And actually, your post remembers me of one of my favorite movies, which have a long shot with this exact style. Of course, the dramatic interaction is totally different but i think it´s a great reference... GUN CRAZY (Joseph L. Lewis, 1950) - https://www.youtube.com/watch?v=5IUU6w_zvMg

November 23, 2014 at 2:11AM

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Fernando Chaves
Writer / Director
74

Put the camera on your goddamn shoulder and sit in the back seat. If It's too high, rest it on an apple box or a "burrito" (furniture pad rolled up into a tootsie roll) and brace it as best you can. Choose a stretch of road that's not stricken with potholes or other irregularities. You'll be so close to the subject, that you'll generally end up on a wide lens that will help reduce the perceived vibration. Done.

November 23, 2014 at 2:42AM

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tilt rite
Camera Hobbyist
147

If you've got the angeneux short zooms 15-40 and 28-76 you're done. All you'll ever need for inside a car. Outside mounts you'll start to need the 45-120 for singles.

November 23, 2014 at 2:54AM

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tilt rite
Camera Hobbyist
147

I mounted my GH2 at 14 mm on the middle head rest of the back seat with a gorilla pod. Sound was recorded on a Zoom H1 placed by the gear stick. Footage was stabilized in post. I like how it turned out.

http://youtu.be/aGF6ai5ok_s?t=3m5s

November 23, 2014 at 3:16AM, Edited November 23, 3:16AM

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Too Wide. Shalom.

tilt rite

November 23, 2014 at 4:01AM

try shooting the driver's lines from the passenger seat and a french over for the passenger's. throw in a wide from the back and you have a real dynamic way of cutting between shots and still getting facial expressions

November 23, 2014 at 3:16AM

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Danny Fogarty
Filmmaker
21

I recommend a two-shot from the back seat and a pair of POVs for those critical facial expressions. You'll need a very wide angle lens, or else always be panning back and forth. If you cut it together with mostly the POVs, that should be okay. Good luck driving and shooting at the same time. I've done it and lived to tell the tale.

November 23, 2014 at 3:21AM

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Donald L. Denis
writer, director, cinematographer, editor; filmmaker
88

Panning on a super wide lens sucks. Wait till you're tight to do that.

tilt rite

November 23, 2014 at 4:03AM

Depending on the type of car you might be able to shoot some of the pov shots / facial expressions with the actors sitting on the back seat:
1: You sit on the back seat and film the whole scene.
Go back to starting point
2: You sit on the passenger seat and film the driver, go throught the whole scene again so you roughly have the same background at the same line / point of action.
Go back to starting point.
3: Now the passenger sits on the back seat behind the passenger seat and you sit behind the driver. Move the passenger seat as much to the front as possible, so it doesn’t show. You will still have to stick to close ups. Now go through the same scene again.
Good luck with editing this!

November 23, 2014 at 10:06AM

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Heiner Schaefer
Filmmaker at havelmond.film
1

Don't forget about the poor man's process. Google it, there are a ton of how-tos. This is a) safer, b) lets your actors focus on just acting, and c) lets you shoot from just about any angle you like.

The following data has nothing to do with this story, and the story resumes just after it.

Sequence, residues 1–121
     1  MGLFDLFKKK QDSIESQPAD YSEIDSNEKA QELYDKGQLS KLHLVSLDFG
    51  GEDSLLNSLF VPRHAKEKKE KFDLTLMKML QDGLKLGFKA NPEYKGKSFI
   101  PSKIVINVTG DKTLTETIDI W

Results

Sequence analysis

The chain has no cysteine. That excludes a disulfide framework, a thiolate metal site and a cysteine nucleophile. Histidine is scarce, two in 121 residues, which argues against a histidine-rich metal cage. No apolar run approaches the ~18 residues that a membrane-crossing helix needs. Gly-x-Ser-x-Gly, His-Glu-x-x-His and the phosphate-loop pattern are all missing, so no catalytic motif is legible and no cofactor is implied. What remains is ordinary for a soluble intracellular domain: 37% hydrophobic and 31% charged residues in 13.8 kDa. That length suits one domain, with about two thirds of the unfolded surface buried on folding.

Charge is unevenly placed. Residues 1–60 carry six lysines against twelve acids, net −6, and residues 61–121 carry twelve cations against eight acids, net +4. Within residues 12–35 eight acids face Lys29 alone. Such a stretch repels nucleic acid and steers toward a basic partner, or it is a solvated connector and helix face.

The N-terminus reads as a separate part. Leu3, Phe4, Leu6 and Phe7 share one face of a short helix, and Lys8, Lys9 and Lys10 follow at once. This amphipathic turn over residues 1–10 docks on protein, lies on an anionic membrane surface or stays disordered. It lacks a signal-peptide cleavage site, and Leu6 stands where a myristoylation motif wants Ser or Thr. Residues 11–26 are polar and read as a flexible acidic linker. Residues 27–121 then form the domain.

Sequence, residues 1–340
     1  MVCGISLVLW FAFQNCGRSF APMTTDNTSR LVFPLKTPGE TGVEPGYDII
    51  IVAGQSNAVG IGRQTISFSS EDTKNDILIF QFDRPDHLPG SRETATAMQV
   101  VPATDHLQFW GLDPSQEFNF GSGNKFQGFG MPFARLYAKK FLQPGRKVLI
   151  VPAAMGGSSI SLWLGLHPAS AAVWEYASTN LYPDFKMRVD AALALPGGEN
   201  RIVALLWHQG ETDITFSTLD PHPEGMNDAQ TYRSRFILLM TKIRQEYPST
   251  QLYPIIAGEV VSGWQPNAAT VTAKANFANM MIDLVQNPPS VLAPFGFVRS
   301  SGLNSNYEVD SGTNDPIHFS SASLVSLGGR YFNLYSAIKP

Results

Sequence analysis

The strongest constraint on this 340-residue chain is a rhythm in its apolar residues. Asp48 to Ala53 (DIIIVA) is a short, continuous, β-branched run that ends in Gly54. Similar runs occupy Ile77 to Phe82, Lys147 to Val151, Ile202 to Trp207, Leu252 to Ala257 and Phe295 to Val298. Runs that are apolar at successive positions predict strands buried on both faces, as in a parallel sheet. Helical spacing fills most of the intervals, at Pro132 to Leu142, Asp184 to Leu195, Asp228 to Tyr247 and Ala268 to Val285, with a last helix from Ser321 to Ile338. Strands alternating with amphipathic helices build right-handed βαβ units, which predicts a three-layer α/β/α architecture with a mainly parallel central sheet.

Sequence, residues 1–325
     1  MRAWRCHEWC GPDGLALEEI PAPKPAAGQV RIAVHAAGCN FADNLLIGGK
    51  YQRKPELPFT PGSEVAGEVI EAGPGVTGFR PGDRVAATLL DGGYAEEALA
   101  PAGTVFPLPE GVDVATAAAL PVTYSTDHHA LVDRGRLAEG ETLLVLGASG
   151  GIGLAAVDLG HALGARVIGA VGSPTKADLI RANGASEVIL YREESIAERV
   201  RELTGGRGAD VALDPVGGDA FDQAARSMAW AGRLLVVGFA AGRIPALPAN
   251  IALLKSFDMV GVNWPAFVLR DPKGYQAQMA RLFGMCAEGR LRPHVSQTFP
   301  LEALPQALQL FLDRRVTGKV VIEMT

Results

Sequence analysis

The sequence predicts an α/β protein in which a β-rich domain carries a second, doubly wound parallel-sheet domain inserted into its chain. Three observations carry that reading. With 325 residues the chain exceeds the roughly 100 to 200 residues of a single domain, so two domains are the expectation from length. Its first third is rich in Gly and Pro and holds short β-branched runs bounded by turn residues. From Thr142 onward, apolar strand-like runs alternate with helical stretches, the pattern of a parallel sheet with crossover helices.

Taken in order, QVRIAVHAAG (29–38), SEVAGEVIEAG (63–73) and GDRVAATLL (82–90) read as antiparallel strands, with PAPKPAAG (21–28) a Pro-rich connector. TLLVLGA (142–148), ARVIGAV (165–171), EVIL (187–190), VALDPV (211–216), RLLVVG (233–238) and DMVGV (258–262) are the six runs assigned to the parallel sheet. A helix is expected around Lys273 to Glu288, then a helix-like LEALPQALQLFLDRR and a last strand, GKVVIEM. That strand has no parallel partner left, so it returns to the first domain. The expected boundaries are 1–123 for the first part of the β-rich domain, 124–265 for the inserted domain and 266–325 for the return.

November 23, 2014 at 11:32AM

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David S.
2958

actually, if they are depressed and not talking to eachother, it is better to shoot them from the back, as they are metaphorically showing their back to each other; you can alternate a 24 with a 35/50, for profile closeups and hands details; you can also shoot the driver from the passenger's seat, while the car is in motion (but also just a profile) and the passenger, when the car stops at a light or smth; i wouldn't use a hood rig for this, just, maybe a door rig; if you feel you need a wide shot, with both chars, take it when the car stops

November 23, 2014 at 11:37AM

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Here's a guy who built a PVC mount that goes between his windows in the back seat: http://youtu.be/JCnMeKgY2lk.

An old tripod and some luggage straps might be the solution. Notice how the camera doesn't bounce up and down as the car hits imperfections in the road: http://youtu.be/8vMLLSmlhrs.

(And thanks, Tilt Rite, for my best laugh of the day. "Better off clamping it to your nut sack." Ha! "ScroteCam". Of course, it only works in underslung mode.)

November 24, 2014 at 1:18AM

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Minor Mogul
Dilettante
581

There are a lot of great ideas suggested here. So I'll add mine.
GoPro.

November 24, 2014 at 3:23PM

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Chas nailed it, my first thought was GoPro 4K, as it was launched recently, and double sided tapes, put it anywhere in the car with appropriate lighting. The possible shots you are looking at is 1) Rear View Mirror - Bird's Eye View / CCTV View, 2) Middle of the Dashboard - Wide Angle, 3) In Front of both Actors on Dashboard - Medium Shots, 4) On the Steering - CU of the Driver Actor, 5) On the Glass of the Doors - Over The Shoulder (Face) Shots, 6) Behind the Gear Stick - You place the camera in such a way that when the gear gets to nuetral, the camera's view is blocked i.e blackout, you can use this to cut away to the next scene.
Give all the footage to a good editor and he / she will give you back your masterpiece, if the actors get the intended expressions :)

Cheers!

November 25, 2014 at 11:59AM

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Arun Meegada
Moviemaker in the Making
452

My only additional thought is: attach a mirror to the inside of the windshield. Frame the shot so you don't see the edges of the mirror. On different shots, move the mirror from side to side to get your two actors. But as others have said, if actors really get into a part, they are not doing good driving. It's like texting while driving, but times 10.

November 26, 2014 at 2:46PM

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A mark of a great actor is to strike a balance between fiction and reality, He / she should not only get into the character but also know where the camera is and the markings (not in this case), I guess this is the clan which exactly knows how they would look like on the big screen while they are acting, every pixel of it and stellar performances is natural to follow.

Coming to the safety part, I am with you Jim. It is always better to get the services of the county police by getting permissions, you don't want to put anyone at risk on the road. On a sane neighborhood day, I guess cops would be happy to chip in as well. On a lighter note, I hope Taha is not planning to film it on the streets of Manhattan but some quiet suburb.

November 27, 2014 at 1:08AM, Edited November 27, 1:08AM

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Arun Meegada
Moviemaker in the Making
452